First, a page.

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A joint effort: investors help businessman set up marijuana research lab in Cold War bunker

Christoph Rossner hopes to use the bunker's unique facilities to conduct research into cannabis' medical applications.

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A joint effort: investors help businessman set up marijuana research lab in Cold War bunker

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To most, the notion that a sinnister-looking Cold War-era military bunker would one day be transformed into a biological testing facility might not come as a great surprise.

Situated in Southern Germany behind a 140-tonne steel gate and metre-thick concrete walls, the bunker looks like it were plucked straight out of a horror movie.

But to local businessman Christoph Rossner, the structure offers the ideal place to set up a medical marijuana research lab.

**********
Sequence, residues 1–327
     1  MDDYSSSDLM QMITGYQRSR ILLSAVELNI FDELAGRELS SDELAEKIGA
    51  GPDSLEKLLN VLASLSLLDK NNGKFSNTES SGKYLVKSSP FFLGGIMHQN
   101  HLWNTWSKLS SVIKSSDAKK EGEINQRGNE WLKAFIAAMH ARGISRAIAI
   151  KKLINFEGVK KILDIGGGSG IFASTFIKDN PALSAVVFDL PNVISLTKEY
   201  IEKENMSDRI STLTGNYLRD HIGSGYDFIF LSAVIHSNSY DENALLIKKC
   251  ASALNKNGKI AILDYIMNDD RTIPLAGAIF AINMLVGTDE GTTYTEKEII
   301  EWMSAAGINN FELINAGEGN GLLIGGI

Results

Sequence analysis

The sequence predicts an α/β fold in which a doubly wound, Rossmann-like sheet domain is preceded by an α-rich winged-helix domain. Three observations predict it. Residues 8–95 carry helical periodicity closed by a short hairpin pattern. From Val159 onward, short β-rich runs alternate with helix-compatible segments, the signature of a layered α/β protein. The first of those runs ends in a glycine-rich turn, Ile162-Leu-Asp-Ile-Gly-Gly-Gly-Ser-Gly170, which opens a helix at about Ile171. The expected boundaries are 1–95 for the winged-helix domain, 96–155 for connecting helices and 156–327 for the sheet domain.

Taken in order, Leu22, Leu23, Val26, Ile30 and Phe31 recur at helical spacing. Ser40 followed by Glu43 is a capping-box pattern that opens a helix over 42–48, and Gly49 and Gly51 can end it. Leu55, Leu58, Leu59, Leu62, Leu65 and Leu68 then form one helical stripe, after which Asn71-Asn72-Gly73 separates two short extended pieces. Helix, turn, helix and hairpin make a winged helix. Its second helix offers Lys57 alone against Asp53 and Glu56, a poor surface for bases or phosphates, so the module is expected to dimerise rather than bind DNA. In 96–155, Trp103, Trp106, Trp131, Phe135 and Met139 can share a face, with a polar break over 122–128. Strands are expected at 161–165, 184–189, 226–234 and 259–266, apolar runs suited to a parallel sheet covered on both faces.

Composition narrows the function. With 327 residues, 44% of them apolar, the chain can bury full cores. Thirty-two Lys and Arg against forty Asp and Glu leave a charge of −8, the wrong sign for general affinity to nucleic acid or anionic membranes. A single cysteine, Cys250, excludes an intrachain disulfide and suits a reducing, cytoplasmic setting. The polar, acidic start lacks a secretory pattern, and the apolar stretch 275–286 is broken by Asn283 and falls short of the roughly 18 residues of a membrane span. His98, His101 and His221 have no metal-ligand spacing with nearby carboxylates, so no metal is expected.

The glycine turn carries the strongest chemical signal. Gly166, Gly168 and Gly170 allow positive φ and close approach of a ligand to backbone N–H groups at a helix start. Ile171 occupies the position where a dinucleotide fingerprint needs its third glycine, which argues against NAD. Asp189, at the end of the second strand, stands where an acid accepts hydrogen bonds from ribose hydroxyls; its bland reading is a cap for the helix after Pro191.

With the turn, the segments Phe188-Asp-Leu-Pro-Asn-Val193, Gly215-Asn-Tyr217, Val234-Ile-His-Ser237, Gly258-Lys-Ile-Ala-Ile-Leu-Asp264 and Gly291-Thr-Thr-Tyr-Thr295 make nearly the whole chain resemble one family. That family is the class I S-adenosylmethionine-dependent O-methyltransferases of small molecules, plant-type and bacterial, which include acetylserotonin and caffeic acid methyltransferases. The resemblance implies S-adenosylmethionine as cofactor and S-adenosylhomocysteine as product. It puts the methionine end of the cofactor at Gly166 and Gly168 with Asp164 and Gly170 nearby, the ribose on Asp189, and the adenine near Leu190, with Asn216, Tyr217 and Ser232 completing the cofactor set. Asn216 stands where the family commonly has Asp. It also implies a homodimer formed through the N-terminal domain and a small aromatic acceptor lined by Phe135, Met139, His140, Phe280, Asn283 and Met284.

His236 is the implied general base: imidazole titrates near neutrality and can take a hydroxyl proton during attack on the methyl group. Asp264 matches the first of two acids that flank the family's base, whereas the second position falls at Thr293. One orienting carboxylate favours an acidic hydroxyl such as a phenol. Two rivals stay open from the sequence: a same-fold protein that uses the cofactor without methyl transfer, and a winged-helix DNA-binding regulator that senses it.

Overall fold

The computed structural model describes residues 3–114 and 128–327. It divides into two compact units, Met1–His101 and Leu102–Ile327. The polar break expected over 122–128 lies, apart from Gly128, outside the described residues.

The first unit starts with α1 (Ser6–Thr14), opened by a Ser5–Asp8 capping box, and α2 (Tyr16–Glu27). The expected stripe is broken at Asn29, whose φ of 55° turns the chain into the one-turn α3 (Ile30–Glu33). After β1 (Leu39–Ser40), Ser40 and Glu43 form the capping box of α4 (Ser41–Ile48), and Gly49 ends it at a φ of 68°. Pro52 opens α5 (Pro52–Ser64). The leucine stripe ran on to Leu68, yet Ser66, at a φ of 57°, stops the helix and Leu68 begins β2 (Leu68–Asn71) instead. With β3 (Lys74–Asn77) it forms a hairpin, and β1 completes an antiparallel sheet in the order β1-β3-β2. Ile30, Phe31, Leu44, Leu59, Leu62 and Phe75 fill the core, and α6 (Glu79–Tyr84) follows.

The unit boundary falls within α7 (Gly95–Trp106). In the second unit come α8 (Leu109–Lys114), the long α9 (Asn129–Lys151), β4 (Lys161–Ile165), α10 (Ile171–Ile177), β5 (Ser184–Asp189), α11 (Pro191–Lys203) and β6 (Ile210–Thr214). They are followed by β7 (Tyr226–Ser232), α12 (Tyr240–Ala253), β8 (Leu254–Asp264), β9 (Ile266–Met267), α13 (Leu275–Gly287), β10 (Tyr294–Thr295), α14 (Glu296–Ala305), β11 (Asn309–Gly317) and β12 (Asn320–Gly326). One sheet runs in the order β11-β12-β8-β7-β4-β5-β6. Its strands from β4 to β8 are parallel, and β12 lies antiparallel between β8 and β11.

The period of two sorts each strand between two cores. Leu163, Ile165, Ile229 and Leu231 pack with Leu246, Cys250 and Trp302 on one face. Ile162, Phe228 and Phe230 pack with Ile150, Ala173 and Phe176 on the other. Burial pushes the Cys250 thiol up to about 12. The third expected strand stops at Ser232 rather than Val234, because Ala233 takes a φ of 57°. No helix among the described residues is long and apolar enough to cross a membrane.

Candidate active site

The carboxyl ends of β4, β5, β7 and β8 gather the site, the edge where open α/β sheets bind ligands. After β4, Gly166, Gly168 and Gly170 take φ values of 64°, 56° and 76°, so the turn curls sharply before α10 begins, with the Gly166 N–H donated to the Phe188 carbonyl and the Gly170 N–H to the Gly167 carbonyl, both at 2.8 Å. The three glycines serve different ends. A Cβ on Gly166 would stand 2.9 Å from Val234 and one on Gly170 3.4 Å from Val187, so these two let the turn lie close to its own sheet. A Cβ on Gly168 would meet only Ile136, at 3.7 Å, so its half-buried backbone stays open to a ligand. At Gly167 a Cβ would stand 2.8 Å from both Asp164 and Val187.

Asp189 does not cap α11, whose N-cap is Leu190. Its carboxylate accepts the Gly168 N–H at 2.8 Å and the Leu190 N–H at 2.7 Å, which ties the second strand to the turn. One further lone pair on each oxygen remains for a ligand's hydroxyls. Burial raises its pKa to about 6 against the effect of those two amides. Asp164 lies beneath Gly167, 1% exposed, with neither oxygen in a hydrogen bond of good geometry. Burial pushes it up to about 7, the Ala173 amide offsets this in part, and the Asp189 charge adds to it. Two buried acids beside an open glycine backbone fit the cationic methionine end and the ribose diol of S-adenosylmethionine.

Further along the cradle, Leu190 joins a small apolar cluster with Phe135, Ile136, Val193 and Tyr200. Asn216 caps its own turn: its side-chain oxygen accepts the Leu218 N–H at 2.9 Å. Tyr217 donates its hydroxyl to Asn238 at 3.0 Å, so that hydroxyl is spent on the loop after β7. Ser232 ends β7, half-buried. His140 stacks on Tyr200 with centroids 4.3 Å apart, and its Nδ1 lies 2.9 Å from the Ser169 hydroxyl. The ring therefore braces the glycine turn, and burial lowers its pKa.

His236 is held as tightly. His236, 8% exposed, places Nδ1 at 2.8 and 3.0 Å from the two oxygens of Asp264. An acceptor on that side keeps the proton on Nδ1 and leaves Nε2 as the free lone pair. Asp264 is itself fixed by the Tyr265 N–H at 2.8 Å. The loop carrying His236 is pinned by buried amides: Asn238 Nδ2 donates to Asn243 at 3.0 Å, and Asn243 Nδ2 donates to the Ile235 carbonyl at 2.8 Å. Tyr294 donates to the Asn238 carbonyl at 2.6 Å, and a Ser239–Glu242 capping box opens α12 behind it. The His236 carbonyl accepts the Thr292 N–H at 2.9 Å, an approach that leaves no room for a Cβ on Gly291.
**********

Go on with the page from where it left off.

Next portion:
He says the bunker’s security measures are perfect for meeting the standards set by Germany’s strict anti-narcotic laws.

“Although it’s only a plant, cannabis is medicinal. But because it’s classified as a narcotic and therefore as a danger to others, we have to have such high security measures as we do in this bunker,” the entrepreneur said.

For decades, NATO bombs were stationed at the nearby airport. If the Soviet Union had attacked the Federal Republic with nuclear weapons, the counter-attack would have been initiated from this part of Bavaria.

Built in the 1980s, the building was abandoned in 2003, so it still needs a little fixing up.

But with its own water supply, four-layer electricial backup systems, and containers that seal off electromagnetic disturbance, Rossner hopes to have his first plants growing as early as January next year.

Rossner said: “Marijuana is not just seen for for its medical possibilities. Hemp is being used in plastics, as a fibrous binding compound and as a source of energy. These are all areas we hope our research will shed light on.”

Rossner has investors on board to help him realise his 17-year-old dream and if all goes to plan, he will transform the bunker into Germany’s largest cannabis plantation.